A Summary of Our Academic Conference, The Unstable and [de] Mutable Boundaries Between Meteorological Atrocities and Human Political Economies with Bodies-as-Subjects Coming Into Being As They Are
The approach of Hurricane Sandy has already altered the entire course of me and my friend’s lives. On Sunday, I was supposed to shop for vintage sweaters and attend a poetry brothel. These would’ve probably been some wonderful moments. But Hurricane Sandy put a stop to all my hypothetically marvelous adventures.
Instead my friends and I were bunkered in our apartment in Alphabet City.
What were we to do?
If we were VIDA, then we could count the number of times a masculine pronoun appeared in this week’s NYT Book Review and then compare it to the number of times that a feminine pronoun appeared in this week’s NYT Book Review and then get really angry about it and channel all of our anger into a neat and tidy chart.
If we were overly anxious New York Jews then we could close down the subway system at 7 PM, hold press conferences using folksy idioms like “up and about,” and dress like men who spend a great deal of time in well-off subdivisions of Connecticut.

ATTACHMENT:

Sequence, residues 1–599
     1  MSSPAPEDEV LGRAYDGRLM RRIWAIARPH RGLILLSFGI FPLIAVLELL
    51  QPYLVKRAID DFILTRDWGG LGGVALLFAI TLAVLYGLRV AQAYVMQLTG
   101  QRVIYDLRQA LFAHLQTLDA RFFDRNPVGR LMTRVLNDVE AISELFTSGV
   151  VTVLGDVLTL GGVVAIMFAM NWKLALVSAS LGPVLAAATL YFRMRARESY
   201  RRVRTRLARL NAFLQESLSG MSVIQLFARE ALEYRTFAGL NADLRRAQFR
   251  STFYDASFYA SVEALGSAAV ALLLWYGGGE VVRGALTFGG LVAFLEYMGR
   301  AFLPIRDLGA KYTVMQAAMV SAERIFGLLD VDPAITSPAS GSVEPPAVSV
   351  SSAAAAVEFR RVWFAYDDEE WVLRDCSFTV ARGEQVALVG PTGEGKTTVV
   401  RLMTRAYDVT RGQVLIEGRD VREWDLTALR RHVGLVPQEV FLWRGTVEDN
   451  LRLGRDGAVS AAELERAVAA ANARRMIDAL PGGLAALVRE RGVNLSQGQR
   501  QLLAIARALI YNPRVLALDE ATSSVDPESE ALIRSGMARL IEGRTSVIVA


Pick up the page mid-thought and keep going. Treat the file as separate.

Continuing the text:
Also, if we were male homosexuals, we could have sex nonstop sans condoms.
But my friends and I aren’t any of those things. So, in lieu of that, we chose to hold an academic conference that had an awful lot of relevance to our current predicament. Our conference, which was held last night (28 Oct. 2012), was called The Unstable and [de] Mutable Boundaries Between Meteorological Atrocities and Human Political Economies with Bodies-as-Subjects Coming Into Being As They Are. This conference has already been compared to some of the most vivid and vivacious academic conferences ever held.
Here’s a summary:
On Sunday there will be a Poetry Brothel.
It will be held in The Back Room at 102 Norfolk Street, which is in the Lower East Side.
The Brothel will start at 8 and end at 1.
There will be masks, music, tarot readings (which I don’t believe in, but still), burlesque, magic, and lots of poetry.
All guests may purchase private readings with the poets, which include the splendidly shrill Dorothea Lasky and the plucky Harlem princess Jennier Tamayo. Also available for a private reading is Carina Finn (the East Village princess behind The Bratty Poets), Ariana Reines (if you haven’t read Mercury then you don’t have proper priorities), myself (Ann Romney 2012!), and lots more.
Throughout the evening, each poet will also give a public reading.
Please come and support poetry that is theatrical and fabulous.
Stephanie Berger is the madame of The Brothel. This is what she looks like:
For further information or to purchase tickets in advance please click here.